plates. The amazing work of the Ilfracombe group who during the terrible snows
of the past winter rolled up their sleeves and provided food and hope to those
in need. The wonderful leadership of the Chief Executive of Wigan Council who
was the first person in local government to say, "I want you to help us
adopt the model, and help the people of Wigan live well in these difficult
times." As for downsides, Incredible Edible was always going to be a
forever project, so I’ve not noticed the lows yet.
If you could, what three things
would you tell yourself on the day you had the idea for the network now?
your seat belt. This is going to be a long ride.
people have so much more insight into the important elements of a kinder, more
inclusive and prosperous society than politicians.
from the lessons they have taught you, and don’t be afraid to stand your ground
and challenge those who have responsibility for the frameworks of our lives.
There’s no bad guys. It’s just some are blinded by the system.
Why is food sustainability so
important? And, why is it important to be part of a community?
unites us all, across age, income, culture and ability. Share food and you
share the future, together. Living well, being active and eating good
food to stay healthy is a central plank of any community. In a future when we
need to be able to grow and process more food locally, because of all the
issues around climate change and because others we may never meet need to be
eating their own food. It’s important that together we work out how we’re going
to do it. You don’t need a national policy document, you need to let people
just get on and do it.
How does Incredible Edible
change the way you eat?
who didn’t know how to cook from fresh, now do. Families who didn’t pick food
together can now be seen collecting berries from the health centre site. Walk
along the canal and see the number of raised beds that have sprung up over the
last ten years. All this changes what we eat and how we get it.
Have you made any friends
through the community?
been blessed with meeting and working alongside the most inspiring folks. Being
part of something so important as the IE movement over the last ten years has
made my life so much richer. I wouldn’t change a thing that’s happened.
What has Incredible Edible
taught me that what I suspected is most definitely true. We have leaders and
incredible individuals through all our communities, who, with the right
support, can help transform difficult times into times of hope and happiness.
It’s taught me that we already have what it takes to create a kinder more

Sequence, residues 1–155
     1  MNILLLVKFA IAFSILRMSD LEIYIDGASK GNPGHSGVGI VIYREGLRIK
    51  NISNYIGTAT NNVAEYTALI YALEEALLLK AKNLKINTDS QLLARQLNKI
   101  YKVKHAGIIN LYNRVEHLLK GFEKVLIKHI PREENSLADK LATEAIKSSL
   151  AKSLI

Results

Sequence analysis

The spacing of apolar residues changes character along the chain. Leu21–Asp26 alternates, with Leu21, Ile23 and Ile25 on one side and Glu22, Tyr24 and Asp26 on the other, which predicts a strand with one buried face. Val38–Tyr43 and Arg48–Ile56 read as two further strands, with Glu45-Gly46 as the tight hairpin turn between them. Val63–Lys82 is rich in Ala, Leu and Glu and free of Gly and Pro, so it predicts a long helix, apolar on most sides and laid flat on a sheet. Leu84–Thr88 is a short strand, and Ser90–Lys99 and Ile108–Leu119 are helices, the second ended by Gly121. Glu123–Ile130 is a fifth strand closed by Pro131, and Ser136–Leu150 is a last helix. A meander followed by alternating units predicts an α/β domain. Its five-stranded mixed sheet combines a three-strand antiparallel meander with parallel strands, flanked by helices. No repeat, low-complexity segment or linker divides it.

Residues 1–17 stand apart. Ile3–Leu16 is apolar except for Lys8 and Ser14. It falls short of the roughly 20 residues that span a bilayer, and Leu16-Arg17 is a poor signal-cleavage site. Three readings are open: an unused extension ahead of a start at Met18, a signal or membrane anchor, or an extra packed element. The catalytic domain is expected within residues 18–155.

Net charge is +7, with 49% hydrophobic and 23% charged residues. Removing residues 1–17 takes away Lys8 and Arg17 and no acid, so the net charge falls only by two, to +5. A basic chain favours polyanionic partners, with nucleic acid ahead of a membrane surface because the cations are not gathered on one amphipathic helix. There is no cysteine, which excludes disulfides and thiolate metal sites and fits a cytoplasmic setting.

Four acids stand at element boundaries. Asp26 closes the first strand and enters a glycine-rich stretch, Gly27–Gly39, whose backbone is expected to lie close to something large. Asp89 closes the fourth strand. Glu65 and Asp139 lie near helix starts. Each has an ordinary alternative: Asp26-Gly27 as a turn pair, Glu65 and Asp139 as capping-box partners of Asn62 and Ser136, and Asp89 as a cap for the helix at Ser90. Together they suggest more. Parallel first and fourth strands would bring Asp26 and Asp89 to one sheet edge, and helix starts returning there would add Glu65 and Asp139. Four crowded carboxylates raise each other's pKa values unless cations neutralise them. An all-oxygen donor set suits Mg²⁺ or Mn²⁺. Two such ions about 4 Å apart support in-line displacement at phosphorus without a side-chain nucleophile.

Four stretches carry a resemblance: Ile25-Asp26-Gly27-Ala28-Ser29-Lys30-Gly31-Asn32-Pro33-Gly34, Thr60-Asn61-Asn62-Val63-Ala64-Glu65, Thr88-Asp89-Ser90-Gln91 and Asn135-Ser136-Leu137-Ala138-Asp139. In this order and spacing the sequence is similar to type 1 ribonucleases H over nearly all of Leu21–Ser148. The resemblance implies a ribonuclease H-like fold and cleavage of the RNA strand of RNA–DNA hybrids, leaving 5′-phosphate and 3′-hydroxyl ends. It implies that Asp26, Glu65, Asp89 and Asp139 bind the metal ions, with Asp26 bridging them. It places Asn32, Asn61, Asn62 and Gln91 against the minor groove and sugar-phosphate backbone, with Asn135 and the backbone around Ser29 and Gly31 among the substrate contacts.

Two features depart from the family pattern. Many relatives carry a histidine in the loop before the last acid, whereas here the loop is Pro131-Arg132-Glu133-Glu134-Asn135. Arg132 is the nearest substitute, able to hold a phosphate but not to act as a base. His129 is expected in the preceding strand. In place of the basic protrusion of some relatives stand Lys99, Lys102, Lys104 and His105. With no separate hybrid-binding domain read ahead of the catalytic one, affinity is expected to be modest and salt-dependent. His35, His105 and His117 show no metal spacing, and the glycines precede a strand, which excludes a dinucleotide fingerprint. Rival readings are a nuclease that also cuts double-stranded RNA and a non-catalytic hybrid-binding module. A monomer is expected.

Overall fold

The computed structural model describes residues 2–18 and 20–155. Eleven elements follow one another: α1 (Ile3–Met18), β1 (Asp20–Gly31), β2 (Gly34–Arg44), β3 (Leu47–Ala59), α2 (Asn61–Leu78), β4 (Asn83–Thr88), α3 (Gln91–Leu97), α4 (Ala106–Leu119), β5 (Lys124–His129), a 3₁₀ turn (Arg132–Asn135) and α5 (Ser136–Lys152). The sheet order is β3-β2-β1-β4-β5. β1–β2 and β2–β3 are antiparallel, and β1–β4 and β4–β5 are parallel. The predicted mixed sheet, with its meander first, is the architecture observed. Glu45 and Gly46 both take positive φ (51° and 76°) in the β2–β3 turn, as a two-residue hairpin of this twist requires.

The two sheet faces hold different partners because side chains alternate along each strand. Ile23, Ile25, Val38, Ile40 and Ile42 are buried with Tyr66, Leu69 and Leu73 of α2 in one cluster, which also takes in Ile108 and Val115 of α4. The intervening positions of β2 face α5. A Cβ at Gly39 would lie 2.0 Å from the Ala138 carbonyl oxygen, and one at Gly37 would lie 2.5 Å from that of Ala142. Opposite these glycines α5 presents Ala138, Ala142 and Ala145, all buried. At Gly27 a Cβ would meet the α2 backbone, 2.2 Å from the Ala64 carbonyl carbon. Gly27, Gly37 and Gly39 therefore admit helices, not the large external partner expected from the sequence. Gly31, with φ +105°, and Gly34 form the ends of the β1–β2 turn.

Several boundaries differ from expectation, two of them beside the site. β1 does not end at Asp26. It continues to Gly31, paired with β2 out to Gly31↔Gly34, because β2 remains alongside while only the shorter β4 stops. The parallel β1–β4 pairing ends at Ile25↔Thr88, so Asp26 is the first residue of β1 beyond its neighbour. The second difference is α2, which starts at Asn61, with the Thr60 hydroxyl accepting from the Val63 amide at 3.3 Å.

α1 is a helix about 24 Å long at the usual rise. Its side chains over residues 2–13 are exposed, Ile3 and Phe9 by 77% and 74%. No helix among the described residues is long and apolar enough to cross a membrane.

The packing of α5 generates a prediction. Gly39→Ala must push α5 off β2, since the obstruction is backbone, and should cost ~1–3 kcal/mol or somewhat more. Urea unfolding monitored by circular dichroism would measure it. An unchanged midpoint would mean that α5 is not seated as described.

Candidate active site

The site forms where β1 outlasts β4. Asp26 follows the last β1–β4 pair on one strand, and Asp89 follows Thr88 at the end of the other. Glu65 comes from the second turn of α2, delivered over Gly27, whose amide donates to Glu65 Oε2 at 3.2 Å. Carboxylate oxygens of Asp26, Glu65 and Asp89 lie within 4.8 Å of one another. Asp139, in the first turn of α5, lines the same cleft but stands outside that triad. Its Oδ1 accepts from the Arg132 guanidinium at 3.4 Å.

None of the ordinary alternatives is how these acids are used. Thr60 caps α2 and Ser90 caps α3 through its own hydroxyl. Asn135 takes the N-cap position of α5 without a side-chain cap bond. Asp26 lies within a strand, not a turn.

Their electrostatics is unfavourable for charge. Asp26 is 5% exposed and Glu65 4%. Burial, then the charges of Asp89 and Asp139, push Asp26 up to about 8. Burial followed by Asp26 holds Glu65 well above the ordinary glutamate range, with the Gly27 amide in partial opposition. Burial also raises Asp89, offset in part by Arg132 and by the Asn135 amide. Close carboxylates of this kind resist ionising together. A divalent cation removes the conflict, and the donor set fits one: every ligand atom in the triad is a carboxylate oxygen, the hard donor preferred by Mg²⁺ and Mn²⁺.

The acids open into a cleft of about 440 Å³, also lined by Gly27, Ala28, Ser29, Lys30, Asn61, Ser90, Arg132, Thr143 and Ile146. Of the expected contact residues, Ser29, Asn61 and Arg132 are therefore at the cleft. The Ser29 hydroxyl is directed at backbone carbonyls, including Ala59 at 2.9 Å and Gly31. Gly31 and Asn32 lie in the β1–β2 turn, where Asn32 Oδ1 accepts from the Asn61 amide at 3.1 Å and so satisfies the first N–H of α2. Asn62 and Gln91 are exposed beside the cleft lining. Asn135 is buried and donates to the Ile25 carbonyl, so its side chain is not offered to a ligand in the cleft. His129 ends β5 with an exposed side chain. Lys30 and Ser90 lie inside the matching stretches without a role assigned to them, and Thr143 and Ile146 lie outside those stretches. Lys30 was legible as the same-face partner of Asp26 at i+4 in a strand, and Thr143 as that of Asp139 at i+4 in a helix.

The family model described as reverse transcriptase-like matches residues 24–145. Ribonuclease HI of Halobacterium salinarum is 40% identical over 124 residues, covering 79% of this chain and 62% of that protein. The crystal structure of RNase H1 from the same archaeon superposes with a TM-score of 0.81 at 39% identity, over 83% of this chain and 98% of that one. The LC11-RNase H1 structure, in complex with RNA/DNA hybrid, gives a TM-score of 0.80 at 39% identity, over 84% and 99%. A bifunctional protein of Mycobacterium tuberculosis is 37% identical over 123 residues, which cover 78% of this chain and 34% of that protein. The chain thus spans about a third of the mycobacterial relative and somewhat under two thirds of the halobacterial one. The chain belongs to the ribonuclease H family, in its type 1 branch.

inclusive prosperity. We just need to bend what we’ve got and invest in more
local solutions. It’s taught me to stick to my guns, and never doubt the power
of small actions.
What advice would you give to
someone with their own idea for sustainability?
get on and do something! Demonstration is key. Focus on telling the story and
spreading your ideas.
Do you have a favourite recipe
to make from the produce of your local Incredible Edible patch?
favourite is a simple pasta dish made out of anything green that’s growing.
Chop leeks or onions, garlic, add green beans, peppers, chard, cavolo nero,
whatever’s growing. Chuck in loads of herbs like basil, parsley, maybe a touch
of tarragon, stock, simmer. Easy as that and delicious with pasta and local
What do you have planned for
the future of Incredible Edible?
North! Linking those who are using food to redefine how we do things, whichever
sector they are in. We’re experimenting across the North of England -
rethinking supply chains and procurement in favour of local growers and
processors, encouraging investment in the urban farmers and food entrepreneurs
of the future, and using our public realm, much of which grows grass at present, to grow food where it’s needed. Watch this space.
What are your top tips for
growing your own?
worry if you have never cooked or grown before. Everyone starts somewhere and
the only way to learn is to have a go. Others will help you, I promise.
Fruit or vegetables?
Spring or autumn?
Owl or lark?
Over or under dressed?
Word you over-use?
Last time you laughed out
Yesterday at my daughters cat pouncing at nothing.
Book you wish you'd written?
of the Rings, Wolf Hall or any by Margery Allingham.
One thing you couldn’t live
To find an Incredible Edible group near you visit their website!